A theme that ran through our program for the just-concluded Housing Leadership Summit this year was Collaborate to Accelerate.
Meaning that, to grow, to keep pace with the fast-moving dynamics of externals, fundamentals, and Black Swan type play of unpredictable forces in today’s housing market, and to remain resilient as conditions turn more adverse, home building companies have to bring rigor to unpacking who it is they partner with, why, and how they might expand the pool of those partners.
Whether it’s to learn to improve on what the firm is already doing, change to doing something brand new by abandoning practices that stifle progress, or begin to grasp how to deal with the unknowns of what comes next, builders need smart new connections with trusted new partners. Otherwise, how are they going to jump the fences of reliably acquiring lots, getting them permitted in a timely way in hairy local jurisdictions, accessing capital for operations, acquisition and development in a smoothed way across the housing cycles, designing homes that buyers in different segments want, value-engineering and pricing homes to the market, equipping them with smart, sustainable technologies that excite buyers, gaining access to construction workers on predictable schedules at predictable costs, engage with prospects and buyers-to-be at a precise moment in their journey, and hiring a next generation of leaders?
We heard repeatedly over the two-and-a-half days of HLS that, although times are good now, and demand is solid for whatever builders can deliver to an inventory-starved market, clouds of uncertainty have begun roiling up on the not-too-distant horizon. This uncertainty makes bigger builders queasy about the investment of capital they have to make to secure inventory turns beyond the next 18 to 24 months. Uncertainty, in its early manifestations, becomes a telltale inflection point that signals it may be time to reduce leverage, to harvest cash, and preserve money as dry powder for leaner days, weeks, months, and possibly years ahead.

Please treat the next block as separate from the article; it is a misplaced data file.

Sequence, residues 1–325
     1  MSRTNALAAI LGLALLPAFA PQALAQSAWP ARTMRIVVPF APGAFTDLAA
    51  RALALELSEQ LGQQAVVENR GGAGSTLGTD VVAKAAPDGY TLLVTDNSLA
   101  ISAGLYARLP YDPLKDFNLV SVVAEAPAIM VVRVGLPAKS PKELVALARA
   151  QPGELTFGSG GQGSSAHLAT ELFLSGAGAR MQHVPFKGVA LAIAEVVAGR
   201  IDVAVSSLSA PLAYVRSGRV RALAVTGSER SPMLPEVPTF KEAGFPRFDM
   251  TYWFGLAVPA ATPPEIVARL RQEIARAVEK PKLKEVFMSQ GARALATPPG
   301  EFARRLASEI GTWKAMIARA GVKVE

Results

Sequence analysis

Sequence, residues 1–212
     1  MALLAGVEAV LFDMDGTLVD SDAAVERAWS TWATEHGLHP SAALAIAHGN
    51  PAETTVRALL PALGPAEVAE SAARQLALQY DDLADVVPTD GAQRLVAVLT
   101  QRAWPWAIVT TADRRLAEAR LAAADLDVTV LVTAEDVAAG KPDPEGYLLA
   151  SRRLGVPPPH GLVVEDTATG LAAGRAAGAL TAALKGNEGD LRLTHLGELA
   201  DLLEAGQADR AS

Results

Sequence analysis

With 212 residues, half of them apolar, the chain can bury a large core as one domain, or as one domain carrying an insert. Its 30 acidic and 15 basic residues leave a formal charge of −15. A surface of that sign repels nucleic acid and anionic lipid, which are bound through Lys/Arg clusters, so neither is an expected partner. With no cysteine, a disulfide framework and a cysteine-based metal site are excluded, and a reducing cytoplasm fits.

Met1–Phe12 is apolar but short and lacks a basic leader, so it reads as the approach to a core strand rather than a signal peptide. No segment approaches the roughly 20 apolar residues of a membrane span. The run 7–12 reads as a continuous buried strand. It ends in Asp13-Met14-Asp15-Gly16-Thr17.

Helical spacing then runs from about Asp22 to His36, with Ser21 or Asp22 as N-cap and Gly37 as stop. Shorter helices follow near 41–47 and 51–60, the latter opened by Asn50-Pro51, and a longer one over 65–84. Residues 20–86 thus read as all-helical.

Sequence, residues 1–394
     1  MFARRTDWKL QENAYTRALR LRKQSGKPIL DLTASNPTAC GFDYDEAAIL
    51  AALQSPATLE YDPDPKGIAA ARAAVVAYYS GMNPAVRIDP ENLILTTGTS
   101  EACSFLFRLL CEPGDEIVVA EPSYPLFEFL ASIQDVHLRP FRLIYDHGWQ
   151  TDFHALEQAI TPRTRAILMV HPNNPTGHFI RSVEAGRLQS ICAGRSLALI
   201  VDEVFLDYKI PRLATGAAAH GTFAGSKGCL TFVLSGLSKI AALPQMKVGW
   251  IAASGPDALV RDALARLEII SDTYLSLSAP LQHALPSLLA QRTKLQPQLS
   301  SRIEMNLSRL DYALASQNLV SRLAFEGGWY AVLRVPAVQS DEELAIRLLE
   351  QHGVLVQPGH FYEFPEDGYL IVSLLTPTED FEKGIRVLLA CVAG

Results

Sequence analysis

Although the onset of the last downturn–the Great Recession that took down housing–is more than a decade hence, home builders, their investment partners, and their associated business ecosystem remember one aspect of it as if it were yesterday. They remember that their early-warning systems failed, and they remember that the models to detect what was really going on versus what was “fake news” of demand were broken.
This time, though, models to understand real demand, real impacts of supply constraint, and real measures of pricing elasticity and rigidity, come only through a sounder network of partners–collaborators–in the marketplace. That said, here’s 10 take-away observations that struck us as critically relevant to the current climate and the future outlook for builders large, medium, and small.
Collaboration is hard: As much as the concept of forming dynamic new partnerships makes intellectual sense, builders by nature of their personalities and experience tend instead to see outsiders strictly as competitors, as opposition forces, as enemies to viability and success. Trusting people from other organizations is a leap-of-faith they’re unaccustomed to, even in the face of the very real risk of disruption. Still, we learned, pockets and bright spots of partnership, integration, and collaboration are going on in varied ways among progressive players. “It doesn’t always have to be a win-lose equation,” says Dan Ryan, ceo of Dan Ryan Builders. “Sometimes, both sides can win.”